LIVERPOOL (UNITED KINGDOM)
March 28, 2021
By Kate McMullin
In one picture a rat is preserved on a windowsill in one of the bedroom quarters of a student
These haunting pictures offer a glimpse inside an abandoned Catholic seminary which has been shrouded by shocking allegations of abuse.
St Joseph’s Seminary, in Upholland near Skelmersdale, was opened in 1883 and was open for more than 100 years.
However it has now been over 30 years since it closed its doors to the last pupils in 1992.
In recent years shocking allegations have come to light regarding the abuse of boys who were preyed upon by perverted priests.
And at least three Catholic priests have been accused of abusing children at the facility, with several pupils having reported horrifying mistreatment at the hands of clergy who they should have been able to trust.
Former Darlington parish priest Michael Higginbottom was one of those who was jailed for 18 years for the sexual abuse of two boys in the 1970s and 80s at the college.
The college now lies in rack and ruin but urban explorers have over the years taken pictures to show how the interior looks.
The desks where pupils once sat are now rotten and left strewn across a deserted classroom, blanketed in mould.
Meanwhile a table, in what looks like a parlour room, is set with plates which are now covered in dust – the cutlery still set out neatly.
Scott Bradley explored the neglected building a couple of years ago and said he came across some “strange sights” within the creepy walls.
The IT technician, from Manchester, said photography is a passion of his and he has his own Facebook page Phukin Photo’s by Scott Bradley.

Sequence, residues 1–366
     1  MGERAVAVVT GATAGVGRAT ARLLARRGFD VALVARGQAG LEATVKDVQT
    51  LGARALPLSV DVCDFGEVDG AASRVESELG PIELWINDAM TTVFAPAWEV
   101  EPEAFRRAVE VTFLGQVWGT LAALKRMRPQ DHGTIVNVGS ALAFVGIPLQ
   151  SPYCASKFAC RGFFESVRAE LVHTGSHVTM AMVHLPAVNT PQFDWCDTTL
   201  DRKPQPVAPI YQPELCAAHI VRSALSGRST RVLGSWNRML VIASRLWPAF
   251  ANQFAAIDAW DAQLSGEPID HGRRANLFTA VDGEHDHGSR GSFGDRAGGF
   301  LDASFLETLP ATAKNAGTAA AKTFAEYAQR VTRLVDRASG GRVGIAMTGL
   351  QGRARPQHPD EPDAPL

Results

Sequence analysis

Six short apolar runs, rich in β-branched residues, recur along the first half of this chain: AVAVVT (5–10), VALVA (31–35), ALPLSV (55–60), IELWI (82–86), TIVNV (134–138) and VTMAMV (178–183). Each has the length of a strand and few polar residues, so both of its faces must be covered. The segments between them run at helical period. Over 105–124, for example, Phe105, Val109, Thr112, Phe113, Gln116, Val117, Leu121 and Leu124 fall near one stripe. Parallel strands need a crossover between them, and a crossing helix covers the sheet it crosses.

The 36-year-old previously told the ECHO in 2019: “There were some really strange rooms.
“One had like a steel door on it with a lock and inside was a mattress and metal bed frame.
“I have no idea what that room was used for.
“That was a bit creepy.
“There were a lot of sewing machines and in what looked like a music hall there was an old organ.
Haunting pictures taken inside the building show how it has been frozen in time, within the Victorian structure.
In one harrowing picture a rat can be seen preserved on a leaf-covered windowsill – it’s teeth still intact and its tail trailing behind it.
In one room, a metal bed frame stands in front of a windowsill – and the property was once home to dormitories where pupils would stay.
A narrow corridor in another image is in a state of ruin with paper peeling off the wall and the ceiling showing the exposed beam work, highlighting the state of the building.
Meanwhile a room which looks as though it was once used as a classroom is now awash with mould, which covers the desk tops and chairs.
The 153 acres of land look well maintained in this picture, which was taken a few years back (Image: Scott Bradley)
In the same room curtains hang limply from the windows and a section of the wallpaper in an orange and red pattern is visible.
Another picture shows a room which is completely unrecognisable after being reclaimed by the nature outside – however the ornate windows show its former glory.
A tall, narrow, spiral staircase stands in the middle of one room, surrounded by bookcases, now empty.
The staircase leads high up into an annex of the school, which is decked out with shelves on every wall.
In a pantry there are still kitchen utensils on the dusty shelves – including glass jars and a basket which has ‘Heinz tomato ketchup’ printed on the side.
An organ now sits alone in a room which appears to have once been a music hall, while in another room a sewing machine offers w window back to a different era of education.
A number of religious statues stand guard around the 153 acres that make up the seminary, looking from the roof tops of the building.
The college looks more like a fortress than a school, complete with watchtowers and battlements.